Saturday, July 15, 2006

Pity the Nation

Recent events in the Levant have made me reach for my copy of Robert Fisk's Pity the Nation and the extract from Khalil Gibran's 'The Garden of the Prophet' on the inside cover has again captured my imagination.

Pity the nation that is full of beliefs and empty of religion.

Pity the nation that wears a cloth it does not weave, eats a bread it does not harvest, and drinks a wine that flows not from its own wine-press.

Pity the nation that acclaims the bully as hero, and that deems the glittering conqueror bountiful.

Pity a nation that despises a passion in its dream, yet submits in its awakening.

Pity the nation that raises not its voice save when it walks in a funeral, boasts not except among its ruins, and will rebel not save when its neck is laid between the sword and the block.

Pity the nation whose statesman is a fox, whose philosopher is a juggler, and whose art is the art of patching and mimicking.

Pity the nation that welcomes its new ruler with trumpeting, and farewells him with hooting, only to welcome another with trumpeting again.

Pity the nation whose sages are dumb with years and whose strong men are yet in the cradle.

Pity the nation divided into fragments, each fragment deeming itself a nation.

Thursday, July 13, 2006

Mum there's a hippo in the toilet

This is not a post outlining the potential dangers of a safari in the Serengeti. Instead, its raison d'etre is to highlight an initative by Thames Water (renowned for wasting rather than saving water) - they're giving away free hippos.

A Hippo is a small plastic bag which can easily be fitted into your toilet cistern. Water is retained in the bag, helping to save water every time you flush.

Almost a third of the water we use at home is flushed down our toilets.

Fitting a Hippo device in the average cistern will save up to 3 litres of water with every flush. If one toilet is flushed ten times a day, this would equate to a water saving of 30 litres per day, enough water for a five-minute shower!

Monday, July 10, 2006

Alcoholics Anonymous

There is a health food shop situated in the new (and uninventive airport lounge-like) main entrance building at my hospital. For the last week they've been running a half-price sale and even they must be surprised at the number of people that have suddenly developed a fondness for dried prunes and fig juice.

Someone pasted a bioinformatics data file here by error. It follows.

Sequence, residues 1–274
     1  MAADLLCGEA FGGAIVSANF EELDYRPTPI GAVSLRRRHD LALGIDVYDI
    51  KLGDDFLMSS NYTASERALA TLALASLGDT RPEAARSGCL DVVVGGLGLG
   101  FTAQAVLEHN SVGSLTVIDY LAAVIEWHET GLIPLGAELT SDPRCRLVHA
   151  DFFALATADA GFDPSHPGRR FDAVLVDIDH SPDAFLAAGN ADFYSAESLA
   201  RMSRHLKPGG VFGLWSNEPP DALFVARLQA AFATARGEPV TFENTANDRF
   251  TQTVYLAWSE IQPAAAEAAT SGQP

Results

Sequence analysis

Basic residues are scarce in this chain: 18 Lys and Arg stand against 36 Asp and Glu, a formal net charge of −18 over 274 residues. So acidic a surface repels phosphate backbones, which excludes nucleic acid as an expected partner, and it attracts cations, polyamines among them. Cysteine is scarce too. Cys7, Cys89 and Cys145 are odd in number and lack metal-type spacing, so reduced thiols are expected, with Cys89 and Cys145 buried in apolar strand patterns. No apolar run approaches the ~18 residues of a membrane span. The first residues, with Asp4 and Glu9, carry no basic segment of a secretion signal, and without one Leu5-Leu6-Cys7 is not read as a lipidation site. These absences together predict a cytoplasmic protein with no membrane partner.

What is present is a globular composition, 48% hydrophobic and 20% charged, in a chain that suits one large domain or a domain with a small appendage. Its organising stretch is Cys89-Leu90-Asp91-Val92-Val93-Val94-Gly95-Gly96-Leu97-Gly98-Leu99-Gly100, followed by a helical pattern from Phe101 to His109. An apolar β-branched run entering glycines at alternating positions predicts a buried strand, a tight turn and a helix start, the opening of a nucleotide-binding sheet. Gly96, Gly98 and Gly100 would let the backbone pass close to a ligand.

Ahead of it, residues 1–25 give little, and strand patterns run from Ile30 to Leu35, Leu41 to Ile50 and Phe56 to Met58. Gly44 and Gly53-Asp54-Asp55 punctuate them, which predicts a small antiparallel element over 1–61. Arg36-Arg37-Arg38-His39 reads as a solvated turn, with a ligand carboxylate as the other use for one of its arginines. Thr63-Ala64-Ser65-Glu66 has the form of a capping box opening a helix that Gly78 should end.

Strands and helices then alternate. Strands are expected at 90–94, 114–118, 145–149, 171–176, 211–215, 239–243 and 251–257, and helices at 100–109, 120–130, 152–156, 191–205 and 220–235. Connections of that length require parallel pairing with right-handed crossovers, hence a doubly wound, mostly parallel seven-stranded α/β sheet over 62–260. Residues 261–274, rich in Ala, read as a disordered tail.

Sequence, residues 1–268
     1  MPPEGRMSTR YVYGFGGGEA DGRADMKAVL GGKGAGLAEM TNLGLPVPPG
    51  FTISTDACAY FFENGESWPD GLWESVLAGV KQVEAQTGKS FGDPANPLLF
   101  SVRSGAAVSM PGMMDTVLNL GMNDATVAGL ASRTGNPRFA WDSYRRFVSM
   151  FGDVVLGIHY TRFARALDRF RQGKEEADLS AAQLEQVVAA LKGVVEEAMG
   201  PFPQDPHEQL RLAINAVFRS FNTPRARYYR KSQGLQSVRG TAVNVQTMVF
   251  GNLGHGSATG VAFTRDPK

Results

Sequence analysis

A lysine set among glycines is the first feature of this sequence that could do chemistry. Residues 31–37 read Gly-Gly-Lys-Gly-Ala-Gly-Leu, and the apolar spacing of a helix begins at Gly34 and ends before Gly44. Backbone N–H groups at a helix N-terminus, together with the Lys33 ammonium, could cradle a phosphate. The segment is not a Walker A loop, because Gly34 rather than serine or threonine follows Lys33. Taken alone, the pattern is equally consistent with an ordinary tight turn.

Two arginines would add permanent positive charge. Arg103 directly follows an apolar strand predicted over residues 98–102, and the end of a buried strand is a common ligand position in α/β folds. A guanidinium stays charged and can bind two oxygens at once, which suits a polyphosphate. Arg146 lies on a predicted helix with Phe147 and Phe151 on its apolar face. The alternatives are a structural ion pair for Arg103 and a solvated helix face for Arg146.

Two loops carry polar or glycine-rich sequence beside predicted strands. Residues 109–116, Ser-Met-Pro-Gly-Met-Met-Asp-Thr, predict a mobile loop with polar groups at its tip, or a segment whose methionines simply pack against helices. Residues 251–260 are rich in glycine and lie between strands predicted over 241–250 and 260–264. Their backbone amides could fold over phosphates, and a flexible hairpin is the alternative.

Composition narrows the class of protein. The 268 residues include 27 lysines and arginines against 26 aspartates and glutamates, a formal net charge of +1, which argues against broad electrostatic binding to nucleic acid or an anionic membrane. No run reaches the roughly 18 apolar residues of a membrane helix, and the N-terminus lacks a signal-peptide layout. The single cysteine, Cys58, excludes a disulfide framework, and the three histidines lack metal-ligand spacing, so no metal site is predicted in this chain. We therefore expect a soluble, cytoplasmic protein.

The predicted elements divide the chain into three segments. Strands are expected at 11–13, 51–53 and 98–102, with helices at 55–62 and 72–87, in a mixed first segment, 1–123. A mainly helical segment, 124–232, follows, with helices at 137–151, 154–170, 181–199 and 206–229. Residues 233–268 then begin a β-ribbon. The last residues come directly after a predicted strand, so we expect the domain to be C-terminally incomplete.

I jumped on the bandwagon by using the opportunity to sample their temptingly packaged ginger beer. An FOTB colleague who was watching my purchase with initial amusement and then growing shock felt compelled to confirm a nagging doubt

Me: Yes, ginger beer
FOTB: Beer. You are drinking alcohol?
Me: What do you reckon?
FOTB: It is beer?
Me: You know I'm a teetotaller. Putting that aside though, if I was going to start knocking back grandma's old cough medicine, it'd be pretty outrageous to start in full public view, in a hospital, on duty, don't you think?
FOTB: So it is not beer?
Me: Something like that

Sunday, July 09, 2006

Lucy or Silvia?

I'm in a state of inner turmoil. The necessary decision has been the victim of my determined procrastination. It's now a matter of life or death...

I'm ditching my Gaggia Cubika and Dualit grinder setup and, having briefly flirted with the idea of a super-automatic machine, have narrowed the shortlist to two candidates: The Rancilio Lucy or the Rancilio Silvia with a Rocky Grinder.

If you're in the know (or for that matter even if you've never worried about the colour of the crema on your espresso) cast your votes.

Friday, July 07, 2006


Sven White over at Akram's Razor takes a logical look at what he perceives to be the 'Balkanization' of British society in response to the news that Alton Towers is to host a "Muslim-only" day on September 17th.

Will the Real Tariq Ramadan Please Stand Up

An audacious impersonator has cloned himself into a Tariq Ramadan replica and managed to publish an article in today's Independent while the real Tariq Ramadan felt it wiser to publish in today's Guardian. Any differences in opinion between the Real and Diet versions are indiscernable though (a testament to the outstanding imitation): both pieces are unfortunately somewhat lack lustre and peddle the same (now rather stagnant) sentiments.

Afghanistan or India?

The heir and only son of the Maharaja of Rajpipla, Manvendra Singh Gohil, has been formally disowned by his parents. He discovered the news on reading one of the Indian dailies (although adverts had been taken out in most of the leading papers just in case):